In Swift 5.3:

```
import Foundation
precedencegroup ExponeniationPrecedence {
associativity: right // This makes Towers of Powers work correctly
higherThan: MultiplicationPrecedence
}
infix operator ** : ExponeniationPrecedence
public func **(_ base: Int, _ exponent: Int) -> Int {
return pow(base, exponent)
}
public func **(_ base: Double, _ exponent: Double) -> Double {
return pow(base, exponent)
}
public func **(_ base: Decimal, _ exponent: Int) -> Decimal {
return pow(base, exponent)
}
public func **(_ base: Float, _ exponent: Float) -> Float {
return powf(base, exponent)
}
/// Calculate exponentiation of integer base and integer exponent, returning integer result.
///
/// Exponentiation that would result in absolute values of less than 1 (i.e. exponent is negative and base is not 1 or -1) are rounded 0.
public func pow(_ base: Int, _ exponent: Int) -> Int {
// Optimize cases for certain exponents
switch exponent {
case 0:
return 1
case 1:
return base
case _ where exponent < 0 && base != -1 && base != 1:
// Negative exponents of integers always round to zero, except if the base is 1 or -1
return 0
default:
break
}
// Optimize cases for certain bases
switch base {
case -1:
if exponent % 2 == 0 {
return -1 * base
} else {
return base
}
case 0, 1:
return base
case -2, 2:
// Use the bitwise left shift operator to efficiently calculate powers of 2 and -2
let result = 1 << exponent
if base == -2 && exponent % 2 == 1 {
return -1 * result
}
return result
default:
var result = 1
for i in 1 ... exponent {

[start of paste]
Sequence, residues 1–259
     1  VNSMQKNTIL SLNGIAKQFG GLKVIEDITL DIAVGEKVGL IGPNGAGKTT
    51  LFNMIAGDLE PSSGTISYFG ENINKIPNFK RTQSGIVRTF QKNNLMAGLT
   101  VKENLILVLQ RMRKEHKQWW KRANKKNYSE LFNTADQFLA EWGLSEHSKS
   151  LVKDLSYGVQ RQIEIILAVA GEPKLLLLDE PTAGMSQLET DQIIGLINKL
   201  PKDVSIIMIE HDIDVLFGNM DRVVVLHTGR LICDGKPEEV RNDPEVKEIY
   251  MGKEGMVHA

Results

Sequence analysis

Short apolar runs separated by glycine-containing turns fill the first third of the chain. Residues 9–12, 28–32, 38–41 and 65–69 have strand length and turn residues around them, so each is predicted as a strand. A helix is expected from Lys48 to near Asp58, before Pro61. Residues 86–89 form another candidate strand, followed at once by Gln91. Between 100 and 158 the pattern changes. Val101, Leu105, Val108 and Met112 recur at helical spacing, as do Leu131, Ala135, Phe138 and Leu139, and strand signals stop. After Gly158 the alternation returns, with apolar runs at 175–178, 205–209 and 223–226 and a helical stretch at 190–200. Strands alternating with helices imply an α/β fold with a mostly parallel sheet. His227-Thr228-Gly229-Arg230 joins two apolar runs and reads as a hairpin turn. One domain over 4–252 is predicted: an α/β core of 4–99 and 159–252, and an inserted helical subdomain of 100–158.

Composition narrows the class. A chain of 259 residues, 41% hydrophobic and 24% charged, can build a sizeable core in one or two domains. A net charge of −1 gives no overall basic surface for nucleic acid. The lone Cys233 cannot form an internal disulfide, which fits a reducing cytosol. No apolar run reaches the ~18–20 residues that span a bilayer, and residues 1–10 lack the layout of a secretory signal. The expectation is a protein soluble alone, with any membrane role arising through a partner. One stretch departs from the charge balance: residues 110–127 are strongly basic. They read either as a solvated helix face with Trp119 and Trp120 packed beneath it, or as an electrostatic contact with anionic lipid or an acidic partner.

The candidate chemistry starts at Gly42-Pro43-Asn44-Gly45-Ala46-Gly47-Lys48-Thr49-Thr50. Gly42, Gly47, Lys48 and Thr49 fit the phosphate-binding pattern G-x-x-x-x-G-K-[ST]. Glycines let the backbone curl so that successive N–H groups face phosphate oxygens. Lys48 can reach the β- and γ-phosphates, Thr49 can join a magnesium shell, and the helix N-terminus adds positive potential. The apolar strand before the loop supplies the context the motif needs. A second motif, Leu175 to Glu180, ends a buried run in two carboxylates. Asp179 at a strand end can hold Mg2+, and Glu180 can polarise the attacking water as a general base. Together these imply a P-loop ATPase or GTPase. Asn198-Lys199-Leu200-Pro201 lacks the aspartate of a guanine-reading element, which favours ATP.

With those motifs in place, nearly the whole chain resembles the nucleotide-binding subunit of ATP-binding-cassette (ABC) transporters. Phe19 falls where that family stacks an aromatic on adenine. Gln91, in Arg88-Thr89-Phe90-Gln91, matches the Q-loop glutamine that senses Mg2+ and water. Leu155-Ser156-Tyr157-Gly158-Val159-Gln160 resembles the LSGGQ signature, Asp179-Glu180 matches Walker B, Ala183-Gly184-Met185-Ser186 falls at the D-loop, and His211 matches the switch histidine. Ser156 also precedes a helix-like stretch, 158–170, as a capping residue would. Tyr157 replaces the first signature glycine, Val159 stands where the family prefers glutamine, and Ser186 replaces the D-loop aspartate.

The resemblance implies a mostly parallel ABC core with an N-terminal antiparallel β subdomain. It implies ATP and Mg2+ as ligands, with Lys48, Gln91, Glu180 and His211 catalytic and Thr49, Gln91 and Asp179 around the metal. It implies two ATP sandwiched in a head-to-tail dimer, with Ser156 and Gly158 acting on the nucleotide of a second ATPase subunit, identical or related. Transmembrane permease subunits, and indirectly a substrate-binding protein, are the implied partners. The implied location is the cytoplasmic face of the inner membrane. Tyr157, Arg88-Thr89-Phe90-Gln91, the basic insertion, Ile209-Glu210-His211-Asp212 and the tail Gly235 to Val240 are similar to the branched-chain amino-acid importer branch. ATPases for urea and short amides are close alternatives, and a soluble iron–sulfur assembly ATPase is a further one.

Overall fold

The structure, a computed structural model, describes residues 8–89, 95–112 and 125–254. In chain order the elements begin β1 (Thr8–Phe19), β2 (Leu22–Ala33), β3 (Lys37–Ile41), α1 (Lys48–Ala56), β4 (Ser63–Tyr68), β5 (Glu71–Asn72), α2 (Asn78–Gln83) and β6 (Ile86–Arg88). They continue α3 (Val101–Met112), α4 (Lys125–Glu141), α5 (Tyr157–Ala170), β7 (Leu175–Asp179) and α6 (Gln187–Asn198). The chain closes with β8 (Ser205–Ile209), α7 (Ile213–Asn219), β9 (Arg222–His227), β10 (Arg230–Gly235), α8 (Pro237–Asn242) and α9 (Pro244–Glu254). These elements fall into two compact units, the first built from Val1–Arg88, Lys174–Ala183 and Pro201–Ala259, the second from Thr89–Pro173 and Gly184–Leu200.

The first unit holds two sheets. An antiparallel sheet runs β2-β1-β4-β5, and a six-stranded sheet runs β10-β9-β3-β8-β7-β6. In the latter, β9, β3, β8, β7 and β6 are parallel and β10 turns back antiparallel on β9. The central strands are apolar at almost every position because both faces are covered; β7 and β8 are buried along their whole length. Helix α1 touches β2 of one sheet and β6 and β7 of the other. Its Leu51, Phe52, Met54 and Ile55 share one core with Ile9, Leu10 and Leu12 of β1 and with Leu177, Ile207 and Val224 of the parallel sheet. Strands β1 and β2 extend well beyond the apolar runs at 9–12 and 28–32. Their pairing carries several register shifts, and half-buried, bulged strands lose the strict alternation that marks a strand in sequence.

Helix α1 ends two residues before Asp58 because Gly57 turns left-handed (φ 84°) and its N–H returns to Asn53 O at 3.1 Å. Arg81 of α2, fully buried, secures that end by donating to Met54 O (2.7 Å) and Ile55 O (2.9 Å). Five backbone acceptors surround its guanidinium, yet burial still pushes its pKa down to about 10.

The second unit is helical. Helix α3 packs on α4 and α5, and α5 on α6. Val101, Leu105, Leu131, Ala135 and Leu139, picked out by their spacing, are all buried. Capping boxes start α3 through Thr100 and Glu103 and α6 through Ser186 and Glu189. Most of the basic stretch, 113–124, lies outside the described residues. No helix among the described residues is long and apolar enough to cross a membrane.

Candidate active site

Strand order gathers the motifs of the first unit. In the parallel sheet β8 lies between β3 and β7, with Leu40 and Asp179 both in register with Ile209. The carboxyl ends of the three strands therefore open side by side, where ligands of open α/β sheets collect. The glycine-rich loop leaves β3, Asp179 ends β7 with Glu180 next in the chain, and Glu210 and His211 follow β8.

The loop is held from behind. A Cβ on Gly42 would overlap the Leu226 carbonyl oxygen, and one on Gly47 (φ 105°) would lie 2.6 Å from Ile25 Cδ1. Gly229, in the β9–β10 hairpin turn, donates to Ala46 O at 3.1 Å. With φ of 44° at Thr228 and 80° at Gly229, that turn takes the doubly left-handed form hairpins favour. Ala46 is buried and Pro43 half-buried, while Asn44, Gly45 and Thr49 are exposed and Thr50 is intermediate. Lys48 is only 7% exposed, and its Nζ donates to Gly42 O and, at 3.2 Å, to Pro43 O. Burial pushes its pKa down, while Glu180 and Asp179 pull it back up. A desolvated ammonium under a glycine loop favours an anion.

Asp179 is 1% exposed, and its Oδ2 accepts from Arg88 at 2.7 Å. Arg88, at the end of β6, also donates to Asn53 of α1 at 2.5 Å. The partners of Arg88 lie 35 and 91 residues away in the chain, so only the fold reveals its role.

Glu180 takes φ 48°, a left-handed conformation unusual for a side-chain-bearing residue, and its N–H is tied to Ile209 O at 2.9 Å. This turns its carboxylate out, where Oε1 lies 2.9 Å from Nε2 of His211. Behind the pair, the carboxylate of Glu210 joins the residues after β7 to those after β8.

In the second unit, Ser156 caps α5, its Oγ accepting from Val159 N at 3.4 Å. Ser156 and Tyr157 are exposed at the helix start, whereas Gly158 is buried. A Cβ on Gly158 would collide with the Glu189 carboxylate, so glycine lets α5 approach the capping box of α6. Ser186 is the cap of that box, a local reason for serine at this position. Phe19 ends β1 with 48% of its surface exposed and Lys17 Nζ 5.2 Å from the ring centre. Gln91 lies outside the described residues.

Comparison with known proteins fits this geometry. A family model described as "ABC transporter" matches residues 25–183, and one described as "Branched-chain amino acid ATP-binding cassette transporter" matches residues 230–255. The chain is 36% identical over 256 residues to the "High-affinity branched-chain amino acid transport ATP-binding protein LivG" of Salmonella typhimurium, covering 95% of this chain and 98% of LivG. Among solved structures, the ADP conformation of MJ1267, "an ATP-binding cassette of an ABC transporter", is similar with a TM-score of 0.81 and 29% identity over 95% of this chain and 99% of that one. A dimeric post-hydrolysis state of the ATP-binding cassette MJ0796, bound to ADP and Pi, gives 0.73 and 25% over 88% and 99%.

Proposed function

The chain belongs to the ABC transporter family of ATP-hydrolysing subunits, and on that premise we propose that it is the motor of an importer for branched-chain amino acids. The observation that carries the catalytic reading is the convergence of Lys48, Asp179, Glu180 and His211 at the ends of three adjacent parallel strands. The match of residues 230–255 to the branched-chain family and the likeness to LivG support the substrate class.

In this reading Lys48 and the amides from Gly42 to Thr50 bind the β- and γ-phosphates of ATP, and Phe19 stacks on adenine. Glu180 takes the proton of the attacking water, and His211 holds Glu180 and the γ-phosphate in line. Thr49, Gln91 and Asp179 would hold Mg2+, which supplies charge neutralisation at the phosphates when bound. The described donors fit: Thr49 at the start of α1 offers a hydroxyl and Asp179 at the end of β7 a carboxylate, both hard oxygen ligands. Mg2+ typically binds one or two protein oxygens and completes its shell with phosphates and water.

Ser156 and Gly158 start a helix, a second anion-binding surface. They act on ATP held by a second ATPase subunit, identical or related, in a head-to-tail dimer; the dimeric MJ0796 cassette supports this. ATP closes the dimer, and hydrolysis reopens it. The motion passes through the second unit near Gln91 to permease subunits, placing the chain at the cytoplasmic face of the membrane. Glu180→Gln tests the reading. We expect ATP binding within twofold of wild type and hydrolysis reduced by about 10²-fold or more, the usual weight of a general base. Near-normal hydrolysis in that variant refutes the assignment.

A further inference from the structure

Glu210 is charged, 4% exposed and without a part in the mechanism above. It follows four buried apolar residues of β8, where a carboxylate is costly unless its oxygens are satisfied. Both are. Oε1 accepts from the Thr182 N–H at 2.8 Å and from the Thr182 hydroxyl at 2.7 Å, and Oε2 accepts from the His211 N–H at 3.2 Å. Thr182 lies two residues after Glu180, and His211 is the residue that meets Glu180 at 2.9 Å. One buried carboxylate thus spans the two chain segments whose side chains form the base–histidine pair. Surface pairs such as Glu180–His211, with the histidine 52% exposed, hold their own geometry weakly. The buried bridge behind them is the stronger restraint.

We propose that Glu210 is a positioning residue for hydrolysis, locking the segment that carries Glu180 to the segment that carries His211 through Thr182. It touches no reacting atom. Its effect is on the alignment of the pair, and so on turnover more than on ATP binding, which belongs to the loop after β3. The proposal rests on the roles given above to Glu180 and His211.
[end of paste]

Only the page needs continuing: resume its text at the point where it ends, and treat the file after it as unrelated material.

result *= base
}
return result
}
}
/// Calculate powers of integer base and integer exponent using Foundation's pow function by casting both the base and the exponent as Doubles, calling pow, but without casting the result.
/// Useful if rounding results between -1 and 1 to zero is not acceptable.
public func pow(_ base: Int, _ exponent: Int) -> Double {
return pow(Double(base), Double(exponent))
}
/// Calculate powers of integer base and integer exponent using Foundation's pow function by casting both the base and the exponent as Doubles, calling pow, and then casting the result as an Int
/// If results are -1<x<1, round to 0.
public func castPow(_ base: Int, _ exponent: Int) -> Int {
return Int(pow(base, exponent))
}
```

Test cases for the `pow(Int, Int)`

function:

```
// Test Exponent = 0
assert(0**0 == 1)
assert(1**0 == 1)
assert(2**0 == 1)
// Test Exponent = 1
assert(-1**1 == -1)
assert(0**1 == 0)
assert(1**1 == 1)
assert(2**1 == 2)
// Test Exponent = -1
assert(-1 ** -1 == -1)
assert(0 ** -1 == 0)
assert(1 ** -1 == 1)
assert(2 ** -1 == 0)
// Test Exponent = 2
assert(-1 ** 2 == 1)
assert(0 ** 2 == 0)
assert(1 ** 2 == 1)
assert(2 ** 2 == 4)
assert(3 ** 2 == 9)
// Test Base = 0
assert(0**0 == 1)
assert(0**1 == 0)
assert(0**2 == 0)
// Test Base = 1
assert(1 ** -1 == 1)
assert(1**0 == 1)
assert(1**1 == 1)
assert(1**2 == 1)
// Test Base = -1
assert(-1 ** -1 == -1)
assert(-1**0 == 1)
assert(-1**1 == -1)
assert(-1**2 == 1)
assert(-1**2 == 1)
assert(-1**3 == -1)
// Test Base = 2
assert(2 ** -1 == 0)
assert(2**0 == 1)
assert(2**1 == 2)
assert(2**2 == 4)
assert(2**3 == 8)
// Test Base = -2
assert(-2 ** -1 == 0)
assert(-2**0 == 1)
assert(-2**1 == -2)
assert(-2**2 == 4)
assert(-2**3 == -8)
// Test Base = 3
assert(3 ** -1 == 0)
assert(3**0 == 1)
assert(3**1 == 3)
assert(3**2 == 9)
assert(3**3 == 27)
// Test Towers of Powers
assert(2**2**2 == 16)
assert(3**2**2 == 81)
assert(2**2**3 == 256)
assert(2**3**2 == 512)
```

## Solution 11 - Swift

thanks for the tip about 2 << x being the same as 2 ^ (x+1), btw if you wanted 2 ^ x you could use 1 << x